When I hovered over the Title for this blog I had no idea what to say as a header for what is a blog about a very sad day, for Dave especially. So sad.
Earlier today we found out that his fabulous cousin had yesterday fallen off a roof and died. The tone of Dave’s voice as he was speaking on the phone immediately sparked my fear for what the conversation was about but when he finished the call I was not expecting such a shock.
Dave’s cousin was slightly older than him and had been a roofer for as long as can be, but recently he had given up the work as he was now in his early 60s much to the relief of all the family. So to hear he had fallen off a roof just goes to show that once a roofer always a roofer. He was a generous man, a kind and welcoming man, he took in his niece and raised her as his own, he supported both his sons through their trials and was a devoted husband. He doted on his mum and included her on all the family holidays and outings. In fact I would say he put everyone before himself.
We spent one Christmas day with this side of the family going for a Christmas curry rather than the usual turkey meal and we had a blast. Before we moved down to Cornwall we went over to his sons Gin Bar for a glorious night of food and gin tasting and as usual he was generous to a fault. It must be an Atkins trait.
My heart goes out to his wife as she was met on returning home from work by the police and the nightmare began. I can not fathom how she, and his mum, must be feeling as this shocking accidental death sinks in.
Dave went into wander mode, he wandered through the flat, thankful that he had not gone to work, but hating the fact he wasn’t busy to take his mind off it all. He and his cousin had grown up together, the Atkins clan was big and inviting and the kids all played and socialised together. It’s like loosing my left arm said Dave. And I knew what he meant. He’d worked with his cousin before we moved to Cornwall, whilst his cousin was still working as a roofer, and we will be eternally grateful for that work as it kept us afloat. They were like naughty school boys together, ragging each other and laughing like drains. Dave would work all day with him and then sometimes find any old excuse to have to pop over for a coffee.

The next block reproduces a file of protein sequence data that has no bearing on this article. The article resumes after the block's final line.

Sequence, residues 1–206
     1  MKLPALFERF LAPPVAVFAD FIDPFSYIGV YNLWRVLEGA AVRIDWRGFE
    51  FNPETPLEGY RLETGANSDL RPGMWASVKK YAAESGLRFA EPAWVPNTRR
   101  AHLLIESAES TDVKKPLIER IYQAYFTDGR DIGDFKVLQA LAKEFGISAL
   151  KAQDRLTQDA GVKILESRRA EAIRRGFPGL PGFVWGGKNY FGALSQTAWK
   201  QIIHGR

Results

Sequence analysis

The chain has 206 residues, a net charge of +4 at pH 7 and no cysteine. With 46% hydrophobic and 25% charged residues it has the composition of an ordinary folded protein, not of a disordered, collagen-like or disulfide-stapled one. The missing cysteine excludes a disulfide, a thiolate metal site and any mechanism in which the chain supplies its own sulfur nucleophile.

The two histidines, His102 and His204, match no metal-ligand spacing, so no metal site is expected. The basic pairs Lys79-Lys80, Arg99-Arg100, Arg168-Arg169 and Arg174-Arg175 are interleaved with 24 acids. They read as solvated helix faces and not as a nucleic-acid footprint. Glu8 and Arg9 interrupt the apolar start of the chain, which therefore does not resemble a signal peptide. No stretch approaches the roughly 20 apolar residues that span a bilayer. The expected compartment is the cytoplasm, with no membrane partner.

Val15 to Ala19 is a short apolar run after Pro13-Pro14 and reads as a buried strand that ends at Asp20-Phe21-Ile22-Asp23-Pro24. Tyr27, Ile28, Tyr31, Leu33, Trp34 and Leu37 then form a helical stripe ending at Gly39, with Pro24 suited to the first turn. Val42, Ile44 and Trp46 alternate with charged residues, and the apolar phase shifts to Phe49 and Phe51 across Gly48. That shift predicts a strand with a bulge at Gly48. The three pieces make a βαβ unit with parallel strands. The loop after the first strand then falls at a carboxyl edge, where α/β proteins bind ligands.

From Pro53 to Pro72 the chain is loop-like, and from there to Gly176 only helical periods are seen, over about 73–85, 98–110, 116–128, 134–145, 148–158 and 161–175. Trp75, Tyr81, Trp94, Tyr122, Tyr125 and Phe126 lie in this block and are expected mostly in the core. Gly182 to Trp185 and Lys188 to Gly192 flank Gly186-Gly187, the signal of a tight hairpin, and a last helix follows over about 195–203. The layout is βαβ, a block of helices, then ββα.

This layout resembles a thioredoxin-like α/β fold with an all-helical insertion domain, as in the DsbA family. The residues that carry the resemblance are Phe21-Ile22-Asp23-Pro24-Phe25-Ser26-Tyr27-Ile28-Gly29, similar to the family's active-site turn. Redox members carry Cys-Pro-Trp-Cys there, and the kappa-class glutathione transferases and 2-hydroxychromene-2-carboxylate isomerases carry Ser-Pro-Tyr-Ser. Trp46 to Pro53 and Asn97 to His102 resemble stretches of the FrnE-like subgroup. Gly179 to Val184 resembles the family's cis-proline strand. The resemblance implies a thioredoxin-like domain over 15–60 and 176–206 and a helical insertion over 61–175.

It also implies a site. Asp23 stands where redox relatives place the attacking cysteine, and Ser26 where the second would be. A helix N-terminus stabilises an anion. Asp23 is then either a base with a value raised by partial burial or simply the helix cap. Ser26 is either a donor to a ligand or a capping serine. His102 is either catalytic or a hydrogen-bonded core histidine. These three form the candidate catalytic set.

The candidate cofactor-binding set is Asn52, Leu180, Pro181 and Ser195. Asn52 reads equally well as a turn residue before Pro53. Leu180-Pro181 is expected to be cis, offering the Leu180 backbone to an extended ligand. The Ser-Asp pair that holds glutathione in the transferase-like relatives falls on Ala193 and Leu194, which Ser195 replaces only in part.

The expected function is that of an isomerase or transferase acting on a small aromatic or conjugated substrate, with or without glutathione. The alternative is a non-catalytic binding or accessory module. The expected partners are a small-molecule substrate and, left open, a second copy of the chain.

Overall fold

We’d seen them twice in Cornwall when they were down on holiday and we’d popped into see them when we’d been up in the Midlands.
Dave has spoken to everyone he knows and keeps saying how he can’t believe he’s gone…. it’s shock and grief and the suddenness of being here one moment and gone the next. Life is short sometimes, too short.
I did what I could to comfort Dave but I too was in shock, and I became cold and tired and just wanted to sleep. We each have a different way to deal with sudden shocking news and events, and this must be my way of shutting it out for a while.
It makes us realise that we are extremely fortunate to be living where we are, following our heart to fulfil a dream of living here, working here and putting our roots here.
Time is never on our side, it is relentless in it’s precise rhythm stealing moments from each one of us that we can never recapture. The lesson when something like this happens is to bring us up short and slap a mirror to reflect our own lives so we can see the need to relish and savour as much as is possible as we live each day. This isn’t going out and necessarily seeing the world, or having amazing adventures, but taking that moment to be grateful for the bit of blue sky today, the buds on the bush in the garden, the lovely comment made by a stranger… anything to show that life is worth living and partaking in, even if it is in a small and humble way.
This doesn’t take away from the loss and grief that is coursing through our bodies, that will hang heavy around like dense fog… this is a place we all have to visit at some point in our lives, and eventually we come through the other side.
It’s time to remember Dave’s cousin as the cheeky giggly kind and thoughtful man he was and to celebrate his life as best we can. We will miss you Michael.